Air Canada and certain other shareholders yesterday instituted legal proceedings challenging the legality of the Onex-American Airlines offer on the basis that it contravenes the 10 percent maximum ownership rule of the Air Canada Public Participation Act.
Under an application filed yesterday in Quebec Superior Court, Air Canada and these shareholders are seeking to have certain terms and conditions of the offer declared illegal, and for the bid to be declared nul and void. Two other causes of action are included in these proceedings.
Air Canada and the shareholders are seeking a declaration that the Onex-American Airlines bid cannot proceed further unless and until the Air Canada Public Participation Act is amended to remove the 10 percent ownership limit, following due legislative process. Air Canada`s Directors` Circular mailed yesterday states that, if the constraints are removed, potential bidders, joint venturers, merger partners and other third parties could assess in an open and transparent fashion an investment or participation in Air Canada with uniform ownership rules that would not provide any one bidder an unfair advantage.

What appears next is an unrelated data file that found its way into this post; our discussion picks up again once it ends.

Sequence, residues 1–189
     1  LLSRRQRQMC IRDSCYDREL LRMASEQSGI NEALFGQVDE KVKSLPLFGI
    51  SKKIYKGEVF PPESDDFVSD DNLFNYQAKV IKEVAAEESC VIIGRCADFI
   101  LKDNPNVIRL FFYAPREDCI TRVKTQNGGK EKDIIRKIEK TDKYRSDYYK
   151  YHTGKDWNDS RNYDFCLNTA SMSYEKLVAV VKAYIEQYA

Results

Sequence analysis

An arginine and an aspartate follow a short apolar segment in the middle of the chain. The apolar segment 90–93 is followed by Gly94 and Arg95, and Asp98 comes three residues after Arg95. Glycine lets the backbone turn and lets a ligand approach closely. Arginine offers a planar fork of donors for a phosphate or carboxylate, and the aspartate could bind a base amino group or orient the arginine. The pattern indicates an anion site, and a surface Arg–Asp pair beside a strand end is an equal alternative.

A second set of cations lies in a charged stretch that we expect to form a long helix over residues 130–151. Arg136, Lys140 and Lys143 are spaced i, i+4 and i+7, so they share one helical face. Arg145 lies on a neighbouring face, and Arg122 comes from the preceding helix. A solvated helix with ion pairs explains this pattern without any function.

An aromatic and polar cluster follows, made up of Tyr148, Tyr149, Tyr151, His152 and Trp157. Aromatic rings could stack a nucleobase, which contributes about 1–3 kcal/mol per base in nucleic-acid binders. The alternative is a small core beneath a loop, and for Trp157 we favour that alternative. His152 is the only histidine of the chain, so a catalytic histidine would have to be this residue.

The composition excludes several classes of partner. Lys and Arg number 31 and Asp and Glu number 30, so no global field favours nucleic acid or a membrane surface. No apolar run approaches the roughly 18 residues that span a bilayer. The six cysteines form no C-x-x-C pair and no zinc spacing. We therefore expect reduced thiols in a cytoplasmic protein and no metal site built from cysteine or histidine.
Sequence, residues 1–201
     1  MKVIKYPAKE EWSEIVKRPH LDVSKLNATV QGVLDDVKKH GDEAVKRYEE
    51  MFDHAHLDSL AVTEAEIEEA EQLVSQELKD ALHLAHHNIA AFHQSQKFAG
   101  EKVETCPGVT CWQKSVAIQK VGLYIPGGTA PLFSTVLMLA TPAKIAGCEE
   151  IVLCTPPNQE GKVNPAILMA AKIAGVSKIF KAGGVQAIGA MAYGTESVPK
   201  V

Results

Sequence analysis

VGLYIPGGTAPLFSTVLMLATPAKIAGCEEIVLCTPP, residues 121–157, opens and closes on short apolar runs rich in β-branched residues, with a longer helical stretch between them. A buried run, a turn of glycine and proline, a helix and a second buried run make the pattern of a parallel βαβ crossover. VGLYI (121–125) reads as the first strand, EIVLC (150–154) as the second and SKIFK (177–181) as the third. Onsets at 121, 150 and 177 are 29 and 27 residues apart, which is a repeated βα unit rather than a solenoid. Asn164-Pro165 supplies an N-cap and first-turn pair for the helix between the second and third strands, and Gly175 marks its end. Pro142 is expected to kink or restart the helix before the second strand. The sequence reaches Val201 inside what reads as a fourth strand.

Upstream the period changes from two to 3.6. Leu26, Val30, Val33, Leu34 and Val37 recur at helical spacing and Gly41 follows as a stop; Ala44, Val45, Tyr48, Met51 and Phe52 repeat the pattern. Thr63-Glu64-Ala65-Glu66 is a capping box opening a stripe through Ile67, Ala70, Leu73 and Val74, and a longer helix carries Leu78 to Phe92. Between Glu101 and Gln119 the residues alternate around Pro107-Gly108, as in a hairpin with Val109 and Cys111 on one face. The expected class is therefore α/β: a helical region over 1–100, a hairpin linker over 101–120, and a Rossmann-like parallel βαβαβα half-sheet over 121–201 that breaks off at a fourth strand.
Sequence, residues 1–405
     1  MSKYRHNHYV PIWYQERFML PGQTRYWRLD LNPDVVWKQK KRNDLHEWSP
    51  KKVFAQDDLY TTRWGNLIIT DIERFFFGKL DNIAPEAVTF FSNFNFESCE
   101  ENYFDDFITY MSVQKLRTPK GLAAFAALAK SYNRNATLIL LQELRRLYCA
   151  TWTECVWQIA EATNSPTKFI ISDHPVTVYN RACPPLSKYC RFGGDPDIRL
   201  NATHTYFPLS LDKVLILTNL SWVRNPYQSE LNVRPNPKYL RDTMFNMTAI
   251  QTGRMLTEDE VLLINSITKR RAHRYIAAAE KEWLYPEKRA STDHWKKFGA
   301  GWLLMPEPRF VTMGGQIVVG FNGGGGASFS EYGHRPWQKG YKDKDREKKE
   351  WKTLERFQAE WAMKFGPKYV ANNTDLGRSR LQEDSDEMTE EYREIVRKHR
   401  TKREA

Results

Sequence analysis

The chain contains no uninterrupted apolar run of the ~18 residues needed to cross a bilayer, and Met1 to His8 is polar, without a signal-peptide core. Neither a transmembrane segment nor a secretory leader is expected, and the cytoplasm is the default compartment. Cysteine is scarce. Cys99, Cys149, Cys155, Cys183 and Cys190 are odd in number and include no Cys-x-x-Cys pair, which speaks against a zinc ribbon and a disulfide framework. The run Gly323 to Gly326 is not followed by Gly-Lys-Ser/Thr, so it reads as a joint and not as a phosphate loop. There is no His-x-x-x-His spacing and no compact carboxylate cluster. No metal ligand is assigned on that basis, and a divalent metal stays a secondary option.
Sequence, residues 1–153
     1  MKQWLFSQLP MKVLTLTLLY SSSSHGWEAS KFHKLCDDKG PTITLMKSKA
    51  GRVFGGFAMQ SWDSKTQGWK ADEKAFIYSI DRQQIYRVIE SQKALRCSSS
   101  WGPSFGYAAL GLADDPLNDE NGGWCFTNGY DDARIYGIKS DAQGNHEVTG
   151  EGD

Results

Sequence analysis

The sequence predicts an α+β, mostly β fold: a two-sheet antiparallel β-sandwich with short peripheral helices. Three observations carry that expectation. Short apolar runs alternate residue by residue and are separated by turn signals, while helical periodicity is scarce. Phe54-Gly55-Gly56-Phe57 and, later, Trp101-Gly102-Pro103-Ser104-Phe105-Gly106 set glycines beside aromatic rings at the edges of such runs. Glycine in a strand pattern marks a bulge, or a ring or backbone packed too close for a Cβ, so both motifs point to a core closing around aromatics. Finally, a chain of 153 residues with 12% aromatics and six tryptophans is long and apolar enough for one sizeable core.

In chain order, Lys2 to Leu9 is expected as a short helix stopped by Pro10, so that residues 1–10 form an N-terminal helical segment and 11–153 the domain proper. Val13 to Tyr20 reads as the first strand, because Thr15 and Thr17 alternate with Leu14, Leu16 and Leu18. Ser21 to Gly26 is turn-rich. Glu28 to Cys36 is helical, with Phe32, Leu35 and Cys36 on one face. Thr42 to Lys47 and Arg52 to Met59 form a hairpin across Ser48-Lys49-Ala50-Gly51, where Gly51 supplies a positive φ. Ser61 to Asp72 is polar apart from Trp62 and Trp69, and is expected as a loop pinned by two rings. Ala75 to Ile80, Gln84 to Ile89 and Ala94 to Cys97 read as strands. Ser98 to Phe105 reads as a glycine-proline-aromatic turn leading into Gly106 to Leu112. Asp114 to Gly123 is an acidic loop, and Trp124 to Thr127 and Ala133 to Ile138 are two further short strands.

“The 10% ownership limit was introduced in conjunction with Air Canada`s privatization in 1988 as a matter of public policy as a result of the strategic importance of Canada`s flag carrier airline to the travelling public,” said Doug Port, Senior Vice President, Corporate Affairs and Government Relations. “It`s objective was to prevent the consolidation of economic power in the airline industry in too few hands and ensure that no one group could elect or effectively appoint Air Canada`s Board of Directors or control the Corporation. Purchasers of securities of Air Canada have, since the privatization, traded on the basis that no one could exercise voting control over more than 10% of the airline.
“Moreover, should the technique contemplated by Onex-American Airlines be allowed to succeed, it in effect could set a precedent, which would mean that similar individual and foreign ownership constraints imposed by law on Canadian companies, including the banks, privatized former Crown corporations, communications and telecommunications companies and other constrained share corporations could be rendered inoperative,” concluded Mr. Port.